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Discovering the molecular mechanism of cardiac myosin and its supportive role in heart function


The research group consisting of Assistant Professor Motoshi Kaya, Professor Hideo Higuchi, and graduate student Yongtae Hwang (current affiliation: Ariel) of the School of Science at the University of Tokyo discovered that cardiac myosin is responsible for stable and efficient cardiac contraction. They identified molecular properties of cardiac myosin by comparing it with skeletal muscle myosin, as both share a similar amino acid composition. By constructing a simulation model, they found that the molecular properties of cardiac myosin suppress ATP consumption to achieve stable and efficient cardiac contraction. Mutations in cardiac myosin are known to be the leading cause of hypertrophic cardiomyopathy, which can lead to sudden death. The findings of this study are expected to contribute to the clarification of the onset mechanism of this disease. These findings were published in the Proceedings of the National Academy of Sciences of the United States of America (PNAS).

The contraction of the heart occurs through the interaction of actin myofilaments with myofilaments composed of cardiac myosin molecules (cardiac β-myosin). These two types of myofilaments are lined up in parallel with each other in heart tissue. Contraction of the cardiac muscle is generated through the movement of the actin filaments, which is caused by structural changes in cardiac myosin mediated by ATP hydrolysis (power stroke).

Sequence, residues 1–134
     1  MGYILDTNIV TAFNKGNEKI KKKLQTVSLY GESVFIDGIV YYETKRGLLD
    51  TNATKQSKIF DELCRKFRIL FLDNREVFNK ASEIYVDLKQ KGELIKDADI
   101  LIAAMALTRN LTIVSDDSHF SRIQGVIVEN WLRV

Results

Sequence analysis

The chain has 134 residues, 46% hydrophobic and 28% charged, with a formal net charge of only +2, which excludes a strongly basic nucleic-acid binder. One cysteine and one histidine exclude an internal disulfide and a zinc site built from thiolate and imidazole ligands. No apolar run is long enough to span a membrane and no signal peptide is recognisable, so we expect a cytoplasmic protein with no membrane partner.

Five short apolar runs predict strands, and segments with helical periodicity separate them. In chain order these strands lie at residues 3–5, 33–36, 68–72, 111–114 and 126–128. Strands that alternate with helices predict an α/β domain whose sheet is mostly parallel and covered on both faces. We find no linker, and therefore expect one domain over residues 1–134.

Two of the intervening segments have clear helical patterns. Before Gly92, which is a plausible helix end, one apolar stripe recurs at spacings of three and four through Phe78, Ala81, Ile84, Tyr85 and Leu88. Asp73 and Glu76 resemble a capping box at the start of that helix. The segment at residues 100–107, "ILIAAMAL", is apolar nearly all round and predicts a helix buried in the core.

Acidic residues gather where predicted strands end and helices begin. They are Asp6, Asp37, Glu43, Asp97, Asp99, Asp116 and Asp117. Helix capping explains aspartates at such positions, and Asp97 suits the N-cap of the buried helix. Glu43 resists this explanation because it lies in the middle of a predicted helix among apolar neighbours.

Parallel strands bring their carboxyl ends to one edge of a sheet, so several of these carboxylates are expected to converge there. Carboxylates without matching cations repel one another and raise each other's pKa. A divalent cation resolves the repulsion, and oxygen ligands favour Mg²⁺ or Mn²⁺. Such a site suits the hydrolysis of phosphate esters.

Because 80–90% of amino acid residues are shared between cardiac myosin and skeletal muscle myosin, their molecular properties have been considered to be similar conventionally. However, their functions are distinctively different; the myocardium requires the ability to repeat stable contraction and rapid relaxation processes, whereas fast skeletal muscles have a wide range of abilities, generating from large to small forces and from slow to quick contractions.

The research group had previously studied fast muscle myosin, which is a type of skeletal muscle myosin, revealing its molecular properties. To expand on this, they aimed to identify the properties and functions of myosin in the heart by comparing cardiac myosin with fast muscle myosin.

First, to investigate the force-generating properties of cardiac myosin and fast muscle myosin molecules, they isolated cardiac myosin from the left ventricle of the porcine heart and fast muscle myosin from rabbit fast muscle. They artificially synthesized myofilaments consisting of approximately 15 cardiac or fast muscle myosin molecules, respectively. Then, they fixed the myofilaments with resin beads using optical tweezers and measured the force generated upon the interaction of the myofilaments with actin filaments. That force was calculated on the basis of the displacement of the resin beads, as recorded under a uniquely developed single-molecule laser trap microscope. The results showed that these two sources of myosin had completely different waveforms; in particular, cardiac myosin exerted approximately twice as much force as fast muscle myosin. Furthermore, in cardiac myosin, the force often decreased in the direction opposite to the contraction direction. This phenomenon was not observed in fast muscle myosin.

Then, they isolated individual molecules of cardiac myosin and fast muscle myosin and similarly applied the pulling load to the molecules upon their interaction with actin filaments to evaluate their structural changes.